Agapanthus was introduced as a garden plant but it naturalises and spreads easily in New Zealand, tolerating a wide range of environmental conditions. In the wild it forms dense clumps that exclude other species.
Identify the problem
Agapanthus (Agapanthus praecox) is a weed when it spreads into the wild from gardens. It was introduced because of its attractive clumps of long leathery green leaves and purple, blue or white stalked flowers. It is easy to grow and hardy, but this also makes it weedy in the wild.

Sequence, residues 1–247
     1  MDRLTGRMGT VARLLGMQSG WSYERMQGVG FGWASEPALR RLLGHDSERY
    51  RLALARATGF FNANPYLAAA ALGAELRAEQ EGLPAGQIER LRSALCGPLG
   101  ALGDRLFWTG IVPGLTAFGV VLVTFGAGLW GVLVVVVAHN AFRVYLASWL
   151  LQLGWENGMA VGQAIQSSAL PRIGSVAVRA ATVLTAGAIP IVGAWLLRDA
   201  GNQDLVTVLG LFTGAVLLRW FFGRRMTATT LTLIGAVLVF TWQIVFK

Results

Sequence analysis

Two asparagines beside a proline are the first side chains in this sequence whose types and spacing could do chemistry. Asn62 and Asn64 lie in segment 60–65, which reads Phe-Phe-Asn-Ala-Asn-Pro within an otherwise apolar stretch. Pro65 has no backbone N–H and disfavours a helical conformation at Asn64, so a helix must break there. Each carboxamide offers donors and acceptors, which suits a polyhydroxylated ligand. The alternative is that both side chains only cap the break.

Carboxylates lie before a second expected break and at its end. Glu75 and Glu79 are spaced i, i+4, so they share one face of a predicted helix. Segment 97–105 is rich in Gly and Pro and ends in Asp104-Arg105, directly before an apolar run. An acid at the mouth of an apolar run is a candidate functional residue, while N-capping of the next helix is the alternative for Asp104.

Agapanthus forms dense clumps with rhizomatous roots that make it difficult to eradicate. It is a prolific seed producer and spreads easily.
There are 3 options for control of agapanthus depending on the situation:
- Option 1 - Spray with Weed Weapon Extra Strength (plus Kiwicare Dye & Stick) or Weed Weapon Rapid Action Ready to Use. Ensure all parts of each plant are treated and all plants in the colony.
- Option 2 - Cut down the agapanthus plants and immediately paint the stump with thick layer of Weed Weapon Invade Gel.
- Option 3 - Dig out plants and dispose of all root fragments at a transfer station.
Did You Know
- Native rengarenga lily is similar in leaf form, but has paler leaves and white flowers.
- Latin name: Agapanthus praecox